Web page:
This week, Mike Rieger successfully defended his thesis! Mike was joined at graduation by Kristina Sakers and Rebecca Ouwenga, who will also be defending in the coming weeks.

Mike was awarded his PhD for his work on mouse vocalization behavior and the CELF family of RNA-binding proteins. He will soon be moving out to San Diego to further investigate mediators of individual-level behavioral differences in (theoretically, genetically and environmentally identical) C. elegans worms.

The CELF family of proteins bind RNA to control the translation and lifespan of their target transcripts, but their role in the brain is not clear. His work stemmed from the finding that one of these proteins, CELF6, is abundantly expressed in serotonin neurons of the mouse brain. He then proceeded to follow up on what genes are targeted by CELF6 and what the impacts of this regulation are on mouse behavior in relation to autism spectrum disorders.

Mike did additional work on early-developmental vocalizations by mice as a study in individual differences among genetically and environmentally homogenous offspring.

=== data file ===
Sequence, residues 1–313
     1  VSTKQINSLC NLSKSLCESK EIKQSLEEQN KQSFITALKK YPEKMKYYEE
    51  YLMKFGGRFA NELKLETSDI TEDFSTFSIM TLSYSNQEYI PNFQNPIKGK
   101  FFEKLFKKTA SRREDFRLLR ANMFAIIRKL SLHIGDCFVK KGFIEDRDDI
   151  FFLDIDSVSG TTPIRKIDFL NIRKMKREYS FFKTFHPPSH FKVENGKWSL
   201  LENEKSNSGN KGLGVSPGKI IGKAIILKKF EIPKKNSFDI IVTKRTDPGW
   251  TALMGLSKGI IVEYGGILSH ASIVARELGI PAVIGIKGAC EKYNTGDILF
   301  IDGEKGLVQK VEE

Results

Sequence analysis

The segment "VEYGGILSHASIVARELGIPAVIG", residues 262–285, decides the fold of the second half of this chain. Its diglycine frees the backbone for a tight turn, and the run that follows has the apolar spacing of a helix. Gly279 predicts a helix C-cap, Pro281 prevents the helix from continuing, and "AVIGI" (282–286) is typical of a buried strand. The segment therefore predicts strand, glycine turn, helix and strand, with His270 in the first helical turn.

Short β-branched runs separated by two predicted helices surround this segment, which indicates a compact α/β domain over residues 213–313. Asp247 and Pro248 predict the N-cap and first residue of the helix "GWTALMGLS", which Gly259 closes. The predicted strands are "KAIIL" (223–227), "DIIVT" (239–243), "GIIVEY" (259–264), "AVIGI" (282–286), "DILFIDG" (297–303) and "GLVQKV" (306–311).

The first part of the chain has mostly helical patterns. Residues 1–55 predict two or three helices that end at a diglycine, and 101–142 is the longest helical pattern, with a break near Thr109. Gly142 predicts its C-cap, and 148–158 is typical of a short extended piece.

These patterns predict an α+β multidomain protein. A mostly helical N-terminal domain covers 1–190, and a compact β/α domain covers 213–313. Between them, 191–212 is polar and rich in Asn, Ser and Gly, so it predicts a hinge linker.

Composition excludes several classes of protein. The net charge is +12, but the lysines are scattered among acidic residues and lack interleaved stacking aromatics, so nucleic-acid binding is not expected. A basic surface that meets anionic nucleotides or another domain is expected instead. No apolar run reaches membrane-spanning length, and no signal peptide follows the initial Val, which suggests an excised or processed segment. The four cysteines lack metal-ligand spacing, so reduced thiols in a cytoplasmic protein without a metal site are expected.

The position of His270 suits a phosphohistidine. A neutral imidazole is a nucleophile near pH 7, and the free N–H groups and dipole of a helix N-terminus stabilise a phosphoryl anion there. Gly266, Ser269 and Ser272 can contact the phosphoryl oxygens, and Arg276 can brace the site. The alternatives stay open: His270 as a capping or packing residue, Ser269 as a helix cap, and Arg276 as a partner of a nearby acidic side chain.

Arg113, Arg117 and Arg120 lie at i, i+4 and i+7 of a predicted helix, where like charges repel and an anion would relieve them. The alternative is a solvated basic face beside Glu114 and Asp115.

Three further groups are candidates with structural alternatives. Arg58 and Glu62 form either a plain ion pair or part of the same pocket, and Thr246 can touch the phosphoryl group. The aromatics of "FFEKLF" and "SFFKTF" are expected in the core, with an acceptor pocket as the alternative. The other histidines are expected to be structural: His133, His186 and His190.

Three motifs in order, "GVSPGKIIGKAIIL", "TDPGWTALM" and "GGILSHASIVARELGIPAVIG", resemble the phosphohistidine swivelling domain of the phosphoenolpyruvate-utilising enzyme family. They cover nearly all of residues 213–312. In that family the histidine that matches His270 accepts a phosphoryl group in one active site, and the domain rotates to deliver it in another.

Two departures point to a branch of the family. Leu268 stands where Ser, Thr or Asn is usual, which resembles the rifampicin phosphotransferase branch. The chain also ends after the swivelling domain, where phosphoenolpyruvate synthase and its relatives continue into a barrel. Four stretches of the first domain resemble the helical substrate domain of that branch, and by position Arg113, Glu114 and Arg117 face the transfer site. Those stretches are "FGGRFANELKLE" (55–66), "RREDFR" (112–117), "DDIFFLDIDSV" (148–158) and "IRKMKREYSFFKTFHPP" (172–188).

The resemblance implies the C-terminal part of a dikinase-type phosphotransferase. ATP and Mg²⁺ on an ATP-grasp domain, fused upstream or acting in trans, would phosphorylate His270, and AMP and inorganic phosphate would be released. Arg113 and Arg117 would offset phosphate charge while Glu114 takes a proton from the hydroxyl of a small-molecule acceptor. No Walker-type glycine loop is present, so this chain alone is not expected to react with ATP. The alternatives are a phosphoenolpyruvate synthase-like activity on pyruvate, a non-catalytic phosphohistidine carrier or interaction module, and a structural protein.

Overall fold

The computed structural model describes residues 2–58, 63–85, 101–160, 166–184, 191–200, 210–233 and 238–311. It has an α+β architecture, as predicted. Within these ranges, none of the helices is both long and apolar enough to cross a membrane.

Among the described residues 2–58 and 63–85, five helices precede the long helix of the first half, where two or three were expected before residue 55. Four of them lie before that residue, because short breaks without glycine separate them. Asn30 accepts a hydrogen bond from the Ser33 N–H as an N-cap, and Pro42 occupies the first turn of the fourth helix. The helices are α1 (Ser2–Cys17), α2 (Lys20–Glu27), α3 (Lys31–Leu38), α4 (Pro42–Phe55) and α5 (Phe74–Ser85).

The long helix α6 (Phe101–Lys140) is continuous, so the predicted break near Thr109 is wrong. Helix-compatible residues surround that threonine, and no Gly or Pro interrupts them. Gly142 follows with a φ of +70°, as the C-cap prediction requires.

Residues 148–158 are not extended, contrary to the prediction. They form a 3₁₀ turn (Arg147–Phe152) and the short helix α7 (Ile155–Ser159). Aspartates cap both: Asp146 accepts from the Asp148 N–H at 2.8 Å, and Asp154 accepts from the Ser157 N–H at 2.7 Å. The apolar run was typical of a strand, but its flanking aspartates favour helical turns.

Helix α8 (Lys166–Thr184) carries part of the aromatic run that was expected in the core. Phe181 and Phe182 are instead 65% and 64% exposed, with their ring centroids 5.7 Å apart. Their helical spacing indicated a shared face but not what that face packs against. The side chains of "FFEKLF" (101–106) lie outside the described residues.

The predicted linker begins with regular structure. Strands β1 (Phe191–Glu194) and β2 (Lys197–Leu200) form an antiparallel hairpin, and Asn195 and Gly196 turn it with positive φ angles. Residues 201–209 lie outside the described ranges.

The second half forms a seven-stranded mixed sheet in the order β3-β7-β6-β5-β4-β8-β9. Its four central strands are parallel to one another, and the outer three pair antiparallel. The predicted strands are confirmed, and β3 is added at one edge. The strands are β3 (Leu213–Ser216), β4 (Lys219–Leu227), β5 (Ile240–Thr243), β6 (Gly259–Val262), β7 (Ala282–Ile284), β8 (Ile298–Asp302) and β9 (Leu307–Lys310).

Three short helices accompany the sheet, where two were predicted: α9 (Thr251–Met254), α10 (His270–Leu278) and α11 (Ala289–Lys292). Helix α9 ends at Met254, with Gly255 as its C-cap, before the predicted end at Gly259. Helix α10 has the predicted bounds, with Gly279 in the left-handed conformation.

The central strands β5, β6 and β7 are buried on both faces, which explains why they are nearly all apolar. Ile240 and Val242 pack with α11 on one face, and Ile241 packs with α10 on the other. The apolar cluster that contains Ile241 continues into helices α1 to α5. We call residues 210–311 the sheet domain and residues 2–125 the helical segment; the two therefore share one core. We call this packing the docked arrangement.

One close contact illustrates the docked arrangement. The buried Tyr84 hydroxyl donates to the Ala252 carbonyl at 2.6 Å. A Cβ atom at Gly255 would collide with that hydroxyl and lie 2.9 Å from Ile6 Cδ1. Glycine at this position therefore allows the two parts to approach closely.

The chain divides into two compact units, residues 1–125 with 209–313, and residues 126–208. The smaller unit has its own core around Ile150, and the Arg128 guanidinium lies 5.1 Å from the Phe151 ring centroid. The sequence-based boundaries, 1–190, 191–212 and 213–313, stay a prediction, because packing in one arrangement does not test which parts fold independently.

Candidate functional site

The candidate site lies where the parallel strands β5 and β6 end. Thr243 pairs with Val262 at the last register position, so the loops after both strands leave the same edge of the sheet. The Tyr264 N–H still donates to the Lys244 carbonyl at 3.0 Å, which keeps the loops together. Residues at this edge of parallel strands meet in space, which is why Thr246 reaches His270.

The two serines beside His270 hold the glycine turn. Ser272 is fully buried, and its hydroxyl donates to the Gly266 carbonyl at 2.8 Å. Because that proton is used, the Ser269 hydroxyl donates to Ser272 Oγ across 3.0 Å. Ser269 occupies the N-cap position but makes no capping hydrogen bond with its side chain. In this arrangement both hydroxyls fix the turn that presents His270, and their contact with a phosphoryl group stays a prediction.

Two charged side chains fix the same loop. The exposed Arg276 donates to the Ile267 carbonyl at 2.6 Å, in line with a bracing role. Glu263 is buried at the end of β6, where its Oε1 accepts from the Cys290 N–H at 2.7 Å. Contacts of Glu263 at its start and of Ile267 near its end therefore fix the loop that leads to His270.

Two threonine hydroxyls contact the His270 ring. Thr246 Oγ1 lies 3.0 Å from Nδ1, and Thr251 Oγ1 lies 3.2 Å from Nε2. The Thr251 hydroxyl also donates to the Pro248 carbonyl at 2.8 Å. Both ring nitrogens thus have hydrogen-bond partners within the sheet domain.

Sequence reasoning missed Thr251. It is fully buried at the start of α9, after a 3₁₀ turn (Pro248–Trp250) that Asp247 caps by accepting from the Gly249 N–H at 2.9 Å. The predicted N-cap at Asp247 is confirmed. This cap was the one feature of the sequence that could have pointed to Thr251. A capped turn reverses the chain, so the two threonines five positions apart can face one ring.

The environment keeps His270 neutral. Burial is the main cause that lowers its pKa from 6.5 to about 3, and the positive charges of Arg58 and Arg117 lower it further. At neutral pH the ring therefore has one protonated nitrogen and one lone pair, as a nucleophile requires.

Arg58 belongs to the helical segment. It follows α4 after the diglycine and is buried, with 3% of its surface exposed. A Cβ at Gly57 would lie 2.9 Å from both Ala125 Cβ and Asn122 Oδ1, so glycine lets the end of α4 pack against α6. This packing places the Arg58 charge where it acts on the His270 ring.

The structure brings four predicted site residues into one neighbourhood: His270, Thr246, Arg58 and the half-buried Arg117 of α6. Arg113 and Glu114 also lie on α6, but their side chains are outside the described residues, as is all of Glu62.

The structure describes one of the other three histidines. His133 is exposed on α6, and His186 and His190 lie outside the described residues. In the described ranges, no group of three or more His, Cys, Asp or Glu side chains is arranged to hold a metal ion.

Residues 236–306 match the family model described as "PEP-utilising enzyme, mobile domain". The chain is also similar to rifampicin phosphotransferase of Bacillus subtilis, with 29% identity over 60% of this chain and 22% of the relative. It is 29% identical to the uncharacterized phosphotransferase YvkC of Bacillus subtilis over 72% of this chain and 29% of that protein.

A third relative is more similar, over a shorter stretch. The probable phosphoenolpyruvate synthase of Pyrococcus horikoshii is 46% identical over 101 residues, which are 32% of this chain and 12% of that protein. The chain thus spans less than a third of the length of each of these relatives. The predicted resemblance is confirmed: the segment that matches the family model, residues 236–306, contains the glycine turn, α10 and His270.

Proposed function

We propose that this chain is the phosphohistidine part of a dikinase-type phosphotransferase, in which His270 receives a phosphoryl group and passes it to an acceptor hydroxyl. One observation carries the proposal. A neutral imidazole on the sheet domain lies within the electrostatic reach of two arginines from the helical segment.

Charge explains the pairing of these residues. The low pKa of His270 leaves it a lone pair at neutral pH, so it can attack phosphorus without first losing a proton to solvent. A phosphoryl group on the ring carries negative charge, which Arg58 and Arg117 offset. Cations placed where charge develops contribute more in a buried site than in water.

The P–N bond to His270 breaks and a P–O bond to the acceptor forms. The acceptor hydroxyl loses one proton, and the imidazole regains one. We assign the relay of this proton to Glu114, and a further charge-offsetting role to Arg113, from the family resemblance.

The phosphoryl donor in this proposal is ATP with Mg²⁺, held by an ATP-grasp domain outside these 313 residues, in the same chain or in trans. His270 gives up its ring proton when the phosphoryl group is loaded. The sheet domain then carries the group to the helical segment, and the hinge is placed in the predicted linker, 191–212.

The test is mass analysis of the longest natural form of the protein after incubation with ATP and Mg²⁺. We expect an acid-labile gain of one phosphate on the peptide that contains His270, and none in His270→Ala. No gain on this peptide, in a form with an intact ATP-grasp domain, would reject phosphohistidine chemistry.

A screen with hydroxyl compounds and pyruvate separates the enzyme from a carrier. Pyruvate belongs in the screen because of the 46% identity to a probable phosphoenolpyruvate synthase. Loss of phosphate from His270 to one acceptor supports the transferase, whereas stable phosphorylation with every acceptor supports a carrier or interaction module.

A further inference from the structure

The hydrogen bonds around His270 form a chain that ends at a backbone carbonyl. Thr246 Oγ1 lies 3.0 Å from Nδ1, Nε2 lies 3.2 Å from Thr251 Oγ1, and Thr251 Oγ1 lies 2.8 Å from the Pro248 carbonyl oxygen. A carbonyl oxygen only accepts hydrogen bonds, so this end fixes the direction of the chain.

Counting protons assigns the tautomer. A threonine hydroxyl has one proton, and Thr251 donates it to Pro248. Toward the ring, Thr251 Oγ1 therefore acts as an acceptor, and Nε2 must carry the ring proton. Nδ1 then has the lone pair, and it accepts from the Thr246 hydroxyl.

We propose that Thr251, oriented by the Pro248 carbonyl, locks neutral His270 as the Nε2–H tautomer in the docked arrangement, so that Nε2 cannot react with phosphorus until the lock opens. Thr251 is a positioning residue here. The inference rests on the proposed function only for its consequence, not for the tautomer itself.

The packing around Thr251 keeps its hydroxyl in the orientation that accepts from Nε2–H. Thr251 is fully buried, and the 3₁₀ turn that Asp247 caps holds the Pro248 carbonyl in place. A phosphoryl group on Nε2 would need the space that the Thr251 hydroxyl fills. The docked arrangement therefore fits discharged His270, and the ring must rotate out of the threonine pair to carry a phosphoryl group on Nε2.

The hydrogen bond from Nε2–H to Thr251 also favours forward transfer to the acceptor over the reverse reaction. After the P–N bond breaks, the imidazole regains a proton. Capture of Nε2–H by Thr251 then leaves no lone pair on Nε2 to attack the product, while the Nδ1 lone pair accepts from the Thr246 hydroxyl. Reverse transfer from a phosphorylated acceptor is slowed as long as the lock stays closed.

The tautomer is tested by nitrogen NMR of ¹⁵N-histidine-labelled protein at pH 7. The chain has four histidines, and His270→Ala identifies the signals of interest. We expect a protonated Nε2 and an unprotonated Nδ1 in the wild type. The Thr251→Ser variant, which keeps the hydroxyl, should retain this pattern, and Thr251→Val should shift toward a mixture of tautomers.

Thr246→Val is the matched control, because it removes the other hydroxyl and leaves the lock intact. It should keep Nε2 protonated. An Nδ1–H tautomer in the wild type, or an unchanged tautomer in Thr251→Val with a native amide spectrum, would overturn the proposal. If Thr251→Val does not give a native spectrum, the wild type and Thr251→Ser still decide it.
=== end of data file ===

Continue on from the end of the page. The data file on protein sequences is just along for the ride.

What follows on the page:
Among the many things Mike will be missed for are his enthusiasm for statistical and analytical rigor (and his strong advocacy for boxplots); in-house optimization and customization of techniques well beyond the capabilities of commercial kits; quick scientific and extracurricular wits; and his contributions to the (overheard) conversational ambiance of the lab’s desk space, spanning from indignant declarations at his computer while coding, to his intensively mathematical budgeting for San Diego, to pole dancing anecdotes.

We’re all proud of you Mike–congratulations and best of luck!

^Mike, Joe, and the rest of his thesis committee following Mike’s defense on Wednesday.

^ From right to left: Joe, Mike, Krissy, and Rebecca in a rare Joe Doc selfie taken “pre-hood” at graduation.